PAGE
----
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Thursday, 15 June 2006
Page: 10

Senator KEMP (Minister for the Arts and Sport) (9:46 AM) —I move:

That these bills be now read a second time.

I seek leave to have the second reading speeches incorporated in Hansard.

Leave granted.

The speeches read as follows—


This bill principally amends the Petroleum Resource Rent Tax Assessment Act 1987, to implement a range of changes and improvements to Australia’s primary offshore petroleum taxation system. The changes will take effect from 1 July 2006.

The petroleum resource rent tax, or PRRT, is a tax on net income derived from all petroleum projects in Commonwealth offshore areas excluding the North West Shelf project area. It is assessed on a project basis and the liability to pay PRRT is imposed on a taxpayer in relation to its interest in the project. This liability is based on the project receipts less project expenditures.

Undeducted exploration expenditure is allowed to be transferred from a non-paying PRRT project to a PRRT paying project, provided that continuity of ownership of both projects is maintained.

The amendments reduce compliance costs, improve administration and remove inconsistencies in the Petroleum Resource Rent Tax Assessment Act 1987.

Furthermore, the changes are consistent with the Government’s overall approach to taxation reform directed at simplifying Australia’s taxation system and making the Australian taxation system internationally competitive.

Schedule 1 of the bill requires taxpayers to transfer and deduct transferable exploration expenditure when calculating their PRRT quarterly tax instalment.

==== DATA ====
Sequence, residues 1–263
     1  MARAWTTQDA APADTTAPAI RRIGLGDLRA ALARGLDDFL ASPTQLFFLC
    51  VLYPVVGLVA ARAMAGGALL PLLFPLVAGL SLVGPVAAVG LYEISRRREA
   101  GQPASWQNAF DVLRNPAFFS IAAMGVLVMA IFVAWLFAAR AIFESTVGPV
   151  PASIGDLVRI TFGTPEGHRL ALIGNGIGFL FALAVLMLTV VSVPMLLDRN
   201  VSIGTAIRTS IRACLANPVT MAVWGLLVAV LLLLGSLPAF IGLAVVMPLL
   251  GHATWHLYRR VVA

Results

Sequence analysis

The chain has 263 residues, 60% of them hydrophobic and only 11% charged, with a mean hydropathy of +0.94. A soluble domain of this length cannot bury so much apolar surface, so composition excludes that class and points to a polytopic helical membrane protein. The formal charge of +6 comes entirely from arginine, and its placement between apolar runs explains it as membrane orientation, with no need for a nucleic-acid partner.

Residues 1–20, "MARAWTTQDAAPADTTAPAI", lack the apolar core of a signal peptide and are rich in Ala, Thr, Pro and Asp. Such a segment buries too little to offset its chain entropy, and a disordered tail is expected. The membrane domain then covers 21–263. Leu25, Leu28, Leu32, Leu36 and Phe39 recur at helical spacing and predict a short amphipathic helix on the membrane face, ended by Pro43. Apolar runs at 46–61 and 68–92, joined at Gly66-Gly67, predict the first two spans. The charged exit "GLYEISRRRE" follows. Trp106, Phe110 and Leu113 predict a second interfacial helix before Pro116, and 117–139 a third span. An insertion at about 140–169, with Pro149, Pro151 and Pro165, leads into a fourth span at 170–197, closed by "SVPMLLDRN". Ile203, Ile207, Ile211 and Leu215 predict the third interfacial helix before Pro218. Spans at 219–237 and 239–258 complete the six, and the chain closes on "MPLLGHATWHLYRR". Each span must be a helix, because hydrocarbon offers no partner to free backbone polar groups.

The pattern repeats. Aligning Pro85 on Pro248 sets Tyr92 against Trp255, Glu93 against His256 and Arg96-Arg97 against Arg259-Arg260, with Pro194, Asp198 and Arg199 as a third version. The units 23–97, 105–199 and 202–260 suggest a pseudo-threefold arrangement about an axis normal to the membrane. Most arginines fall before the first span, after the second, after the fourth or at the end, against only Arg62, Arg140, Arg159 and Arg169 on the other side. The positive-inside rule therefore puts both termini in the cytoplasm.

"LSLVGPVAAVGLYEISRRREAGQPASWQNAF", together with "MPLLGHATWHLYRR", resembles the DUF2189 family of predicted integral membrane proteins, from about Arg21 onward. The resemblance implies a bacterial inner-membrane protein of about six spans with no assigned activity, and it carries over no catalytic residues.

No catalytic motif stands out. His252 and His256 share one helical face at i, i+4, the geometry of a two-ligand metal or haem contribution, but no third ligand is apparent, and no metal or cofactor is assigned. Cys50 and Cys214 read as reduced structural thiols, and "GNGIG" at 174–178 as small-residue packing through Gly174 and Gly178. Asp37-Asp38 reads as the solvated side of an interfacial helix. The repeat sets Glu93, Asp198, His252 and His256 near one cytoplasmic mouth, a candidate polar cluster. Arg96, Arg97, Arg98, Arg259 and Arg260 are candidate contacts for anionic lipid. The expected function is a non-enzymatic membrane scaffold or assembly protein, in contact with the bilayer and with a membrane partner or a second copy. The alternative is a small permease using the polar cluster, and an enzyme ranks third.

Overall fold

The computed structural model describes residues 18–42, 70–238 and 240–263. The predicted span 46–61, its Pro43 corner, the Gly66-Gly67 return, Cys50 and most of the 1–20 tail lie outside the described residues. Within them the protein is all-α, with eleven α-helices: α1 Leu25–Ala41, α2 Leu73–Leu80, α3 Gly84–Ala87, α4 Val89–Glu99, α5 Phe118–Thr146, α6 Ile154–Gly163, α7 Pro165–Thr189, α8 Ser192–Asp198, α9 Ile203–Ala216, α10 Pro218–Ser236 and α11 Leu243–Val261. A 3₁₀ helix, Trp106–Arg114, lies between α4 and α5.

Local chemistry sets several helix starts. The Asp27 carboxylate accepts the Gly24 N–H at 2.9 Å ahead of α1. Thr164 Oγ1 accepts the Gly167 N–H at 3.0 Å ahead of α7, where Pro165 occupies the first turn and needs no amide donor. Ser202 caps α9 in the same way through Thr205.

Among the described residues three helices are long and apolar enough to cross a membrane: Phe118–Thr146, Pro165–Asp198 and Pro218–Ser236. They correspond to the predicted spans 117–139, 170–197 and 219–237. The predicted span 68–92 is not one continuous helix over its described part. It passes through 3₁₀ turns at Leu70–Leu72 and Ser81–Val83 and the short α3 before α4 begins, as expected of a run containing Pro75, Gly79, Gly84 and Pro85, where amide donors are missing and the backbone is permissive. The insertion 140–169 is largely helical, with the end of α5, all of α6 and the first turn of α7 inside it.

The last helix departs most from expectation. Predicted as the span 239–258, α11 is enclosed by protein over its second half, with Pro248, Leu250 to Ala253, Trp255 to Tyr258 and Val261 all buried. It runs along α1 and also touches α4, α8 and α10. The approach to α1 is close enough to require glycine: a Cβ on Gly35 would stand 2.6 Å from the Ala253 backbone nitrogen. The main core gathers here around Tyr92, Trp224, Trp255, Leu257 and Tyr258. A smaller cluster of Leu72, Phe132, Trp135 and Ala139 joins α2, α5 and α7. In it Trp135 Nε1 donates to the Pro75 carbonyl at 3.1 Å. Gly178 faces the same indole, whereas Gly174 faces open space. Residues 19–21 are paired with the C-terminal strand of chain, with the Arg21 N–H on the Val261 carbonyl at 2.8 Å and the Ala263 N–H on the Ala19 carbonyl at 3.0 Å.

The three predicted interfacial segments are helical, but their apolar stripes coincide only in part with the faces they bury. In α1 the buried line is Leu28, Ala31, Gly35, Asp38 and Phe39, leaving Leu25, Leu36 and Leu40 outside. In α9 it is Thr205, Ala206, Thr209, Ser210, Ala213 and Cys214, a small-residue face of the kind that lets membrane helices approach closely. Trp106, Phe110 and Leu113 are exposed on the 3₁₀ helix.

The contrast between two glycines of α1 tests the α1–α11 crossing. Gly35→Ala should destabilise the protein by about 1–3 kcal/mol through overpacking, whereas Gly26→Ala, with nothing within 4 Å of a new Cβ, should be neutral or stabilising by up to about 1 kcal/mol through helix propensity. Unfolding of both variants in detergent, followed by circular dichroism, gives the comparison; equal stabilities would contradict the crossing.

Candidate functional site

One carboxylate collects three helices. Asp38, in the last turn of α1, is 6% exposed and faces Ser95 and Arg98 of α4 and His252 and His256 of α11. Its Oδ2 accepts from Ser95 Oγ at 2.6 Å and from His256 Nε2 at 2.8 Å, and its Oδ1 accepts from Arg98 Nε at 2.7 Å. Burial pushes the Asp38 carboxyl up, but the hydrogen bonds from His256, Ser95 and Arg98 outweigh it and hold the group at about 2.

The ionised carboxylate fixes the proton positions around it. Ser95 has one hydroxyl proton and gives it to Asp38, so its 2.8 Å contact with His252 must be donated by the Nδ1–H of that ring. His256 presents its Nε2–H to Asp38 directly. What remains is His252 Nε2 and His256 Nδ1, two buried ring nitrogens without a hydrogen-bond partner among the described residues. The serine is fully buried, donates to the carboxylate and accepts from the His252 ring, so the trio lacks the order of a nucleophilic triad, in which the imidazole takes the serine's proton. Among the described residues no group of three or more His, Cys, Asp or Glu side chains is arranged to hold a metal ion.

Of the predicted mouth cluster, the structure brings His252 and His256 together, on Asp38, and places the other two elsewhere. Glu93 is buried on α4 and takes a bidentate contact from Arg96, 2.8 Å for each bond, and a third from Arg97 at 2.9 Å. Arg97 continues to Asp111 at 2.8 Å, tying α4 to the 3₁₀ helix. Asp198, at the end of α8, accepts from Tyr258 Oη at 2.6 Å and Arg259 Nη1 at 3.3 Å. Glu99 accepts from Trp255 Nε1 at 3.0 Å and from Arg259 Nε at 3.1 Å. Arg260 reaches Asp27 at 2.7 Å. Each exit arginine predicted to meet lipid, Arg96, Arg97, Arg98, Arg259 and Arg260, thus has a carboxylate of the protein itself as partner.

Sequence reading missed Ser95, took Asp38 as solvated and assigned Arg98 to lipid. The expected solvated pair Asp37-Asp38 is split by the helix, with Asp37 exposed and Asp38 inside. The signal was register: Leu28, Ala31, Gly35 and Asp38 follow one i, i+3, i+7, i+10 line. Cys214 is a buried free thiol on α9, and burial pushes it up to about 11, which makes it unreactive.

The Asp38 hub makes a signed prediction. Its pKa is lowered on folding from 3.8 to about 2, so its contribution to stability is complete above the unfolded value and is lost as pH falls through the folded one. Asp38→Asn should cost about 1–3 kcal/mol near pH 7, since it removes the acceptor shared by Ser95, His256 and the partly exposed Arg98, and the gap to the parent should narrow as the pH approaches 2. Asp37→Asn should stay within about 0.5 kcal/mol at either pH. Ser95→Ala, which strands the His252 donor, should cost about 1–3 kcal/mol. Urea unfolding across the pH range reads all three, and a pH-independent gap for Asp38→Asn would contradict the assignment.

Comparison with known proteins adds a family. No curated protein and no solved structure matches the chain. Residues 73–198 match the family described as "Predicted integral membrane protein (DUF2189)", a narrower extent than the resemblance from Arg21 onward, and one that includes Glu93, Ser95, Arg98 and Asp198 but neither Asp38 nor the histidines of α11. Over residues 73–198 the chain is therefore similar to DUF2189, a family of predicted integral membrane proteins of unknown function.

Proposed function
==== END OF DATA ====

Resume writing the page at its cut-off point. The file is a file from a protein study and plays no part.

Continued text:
Currently, PRRT taxpayers can only transfer and deduct exploration expenditure at the end of the year of tax. Consequently, companies often ‘overpay’ PRRT in the first three instalment quarters, only to receive an adjustment for this overpayment in the fourth quarter. Taxpayers do not receive interest compensation on these ‘overpayments’, and as such forgo the time value of money.

An interest charge will be applied at the end of the year of tax if any unusable amounts of transferable exploration expenditure are claimed in the quarterly instalments. The interest charge is designed to recoup the time value of money associated with the delay in the payment of tax.

Schedule 2 of the bill allows internal corporate restructuring within company groups to occur without losing the ability to transfer exploration expenditure between the petroleum projects of group members.

This measure removes a taxation distortion in the PRRT which prevents a company group from adopting the most efficient corporate structure. This taxation distortion results in company groups maintaining inactive companies, merely to protect their future ability to transfer unused exploration expenditure. The amendments will only apply to internal corporate restructures that occur on or after 1 July 2006.

Allowing internal corporate restructuring to occur under the PRRT without incurring a tax penalty is consistent with the approach adopted for income tax purposes.

Schedule 3 of the bill allows the present value of expected future expenditures to close down an infrastructure facility associated with a particular petroleum project to be deductible against the PRRT receipts of this project. This change is made to the extent that these costs are currently not recognised for PRRT purposes.

This change removes a taxation impediment preventing existing project infrastructure to be used efficiently. The efficient use of existing infrastructure will enable the optimal development of Australia’s limited petroleum resources.

Schedule 4 of the bill introduces the self assessment regime for PRRT taxpayers as it generally applies under income tax. This change will result in PRRT taxpayers being able to fully self assess their PRRT liability.

Further, it enables PRRT taxpayers to obtain legally binding rulings from the Australian Taxation Office in relation to PRRT matters. At present they can only obtain administratively binding advice. This change provides greater certainty for PRRT taxpayers.

The Government has recently implemented a number of reforms to the income tax self assessment regime. These reforms arose from the Government’s Review of Aspects of Income Tax Self Assessment. Schedule 4 of the bill introduces these changes, where applicable, into the PRRT regime.

Schedule 5 of the bill introduces several unrelated amendments to the PRRT. There are three primary amendments.